For millions of people across the globe, glasses are an unaffordable luxury. The OneDollarGlasses organization decided to change this, launching a pair of glasses with a price tag of just one dollar. To ensure that this initiative actually reaches the people who need glasses, opticians in developing countries have to be trained on the technology and how to market the innovation. The Enactus team of students at Technische Universität München (TUM) is delivering most of this training. Enactus is a global non-profit organization that gives students the opportunity to use their entrepreneurial skills to improve quality of life for people the world over. The TUM group with its currently five projects faced off competition from 36 other teams to win the Enactus World Cup in October.
According to estimates, around 150 million people cannot afford to buy glasses. People who cannot see properly are often excluded from education and certain professions. Martin Aufmuth, a German teacher, has developed a new kind of glasses that opticians can sell for just one dollar – and still make a profit for the seller. They are made of robust materials and – thanks to their modular design – can be easily manufactured anywhere, without the need for electricity. The OneDollarGlasses organization started distribution in 2012.
To ensure that the glasses reach the right audience, opticians in the many target countries have to be kitted out and trained on both the technology and business development. TUM’s Enactus team stepped up to this challenge, providing equipment and training in Rwanda, Burkina Faso and Bolivia. Fifteen opticians now run businesses in these countries. They produce the glasses themselves and some have even taken on employees.
The Enactus network comprises over 62,000 active student members studying at 1,600 universities in 39 countries. Supported by commercial businesses and applying business management theory, they focus on projects that help people to help themselves to improve standards of living. TUM’s Enactus team has around 70 active members. “Enactus gives us the best of both worlds – we get to make a real difference and also do something for ourselves. The learning opportunities are endless,” explains Kai Hübner (23), one of three team leaders.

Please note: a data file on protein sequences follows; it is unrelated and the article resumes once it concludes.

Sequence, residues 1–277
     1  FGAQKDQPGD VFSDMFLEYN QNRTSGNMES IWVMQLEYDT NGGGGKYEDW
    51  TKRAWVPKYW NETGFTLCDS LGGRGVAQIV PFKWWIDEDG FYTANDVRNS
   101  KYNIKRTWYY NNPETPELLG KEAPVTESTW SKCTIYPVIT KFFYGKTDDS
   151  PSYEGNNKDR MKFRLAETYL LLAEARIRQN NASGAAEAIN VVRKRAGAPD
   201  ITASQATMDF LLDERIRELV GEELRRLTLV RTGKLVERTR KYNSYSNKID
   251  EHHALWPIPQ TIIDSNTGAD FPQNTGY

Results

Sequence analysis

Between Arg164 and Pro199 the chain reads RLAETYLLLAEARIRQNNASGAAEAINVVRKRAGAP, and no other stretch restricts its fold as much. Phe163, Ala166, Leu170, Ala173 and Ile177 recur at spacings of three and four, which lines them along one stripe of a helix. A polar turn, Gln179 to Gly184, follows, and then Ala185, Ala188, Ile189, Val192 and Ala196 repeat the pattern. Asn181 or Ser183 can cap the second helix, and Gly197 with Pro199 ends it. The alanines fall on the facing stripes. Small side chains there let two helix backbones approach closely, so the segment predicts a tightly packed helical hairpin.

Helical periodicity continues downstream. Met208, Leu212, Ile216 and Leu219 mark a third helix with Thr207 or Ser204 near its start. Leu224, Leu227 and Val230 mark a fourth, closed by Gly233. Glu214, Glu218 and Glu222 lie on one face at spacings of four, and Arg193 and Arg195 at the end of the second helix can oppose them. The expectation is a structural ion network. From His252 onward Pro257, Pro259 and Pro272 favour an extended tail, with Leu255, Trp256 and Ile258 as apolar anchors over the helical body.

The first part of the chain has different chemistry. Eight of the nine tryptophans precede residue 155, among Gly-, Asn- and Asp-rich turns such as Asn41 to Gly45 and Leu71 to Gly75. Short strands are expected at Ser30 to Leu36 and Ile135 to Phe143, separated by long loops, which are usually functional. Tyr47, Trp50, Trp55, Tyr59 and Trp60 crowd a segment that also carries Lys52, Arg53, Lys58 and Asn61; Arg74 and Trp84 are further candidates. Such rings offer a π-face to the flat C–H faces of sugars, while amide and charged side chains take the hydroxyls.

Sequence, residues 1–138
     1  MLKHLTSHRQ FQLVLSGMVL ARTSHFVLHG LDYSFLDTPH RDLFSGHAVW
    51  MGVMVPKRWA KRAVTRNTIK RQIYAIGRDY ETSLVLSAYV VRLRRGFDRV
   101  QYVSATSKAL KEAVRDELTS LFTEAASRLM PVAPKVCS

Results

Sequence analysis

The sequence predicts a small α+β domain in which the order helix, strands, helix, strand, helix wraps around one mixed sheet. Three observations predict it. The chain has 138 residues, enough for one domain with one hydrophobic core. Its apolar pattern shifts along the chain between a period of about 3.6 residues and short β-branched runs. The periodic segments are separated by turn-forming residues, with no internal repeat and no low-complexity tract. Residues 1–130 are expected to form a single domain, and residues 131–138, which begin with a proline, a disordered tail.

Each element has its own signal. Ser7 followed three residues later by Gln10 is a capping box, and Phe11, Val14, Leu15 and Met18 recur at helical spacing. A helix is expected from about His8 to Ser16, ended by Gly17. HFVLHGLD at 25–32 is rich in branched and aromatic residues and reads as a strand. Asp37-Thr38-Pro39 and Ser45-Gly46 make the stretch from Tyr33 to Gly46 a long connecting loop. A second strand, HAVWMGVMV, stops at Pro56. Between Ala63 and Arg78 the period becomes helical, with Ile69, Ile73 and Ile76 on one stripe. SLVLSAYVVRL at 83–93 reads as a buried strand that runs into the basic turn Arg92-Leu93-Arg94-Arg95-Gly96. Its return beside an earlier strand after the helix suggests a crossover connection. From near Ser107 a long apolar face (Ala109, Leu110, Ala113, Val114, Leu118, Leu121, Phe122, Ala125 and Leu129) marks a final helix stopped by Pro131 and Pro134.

Basic economics for beekeepers
TUM students won the World Cup in Cancun, Mexico, after coming first in the German national Enactus heats. In Cancun, they faced a jury comprising 400 representatives from the business world, including CEOs of international corporations. The TUM students were up against candidates from 35 other countries. Their social entrepreneurship projects, however, won through in the end and the group was judged to be the best of 1,600 teams worldwide.
Enactus Munich projects other than the OneDollarGlasses initiative impressed the jurors, too: The Beeconomy initiative uses a specially designed game to teach basic economic principles to beekeepers in Burkina Faso. The Fogcatcher project uses innovative technology to turn fog into water in Morocco. And students working on the SmartMenu project have developed a business management software solution for small-scale gastronomies, while the Social Inclusion project aims to remove barriers for students with disabilities.
“Our success at the World Cup is a great motivational boost. Hopefully, it will also inspire other students to join the team,” enthuses Kai Hübner.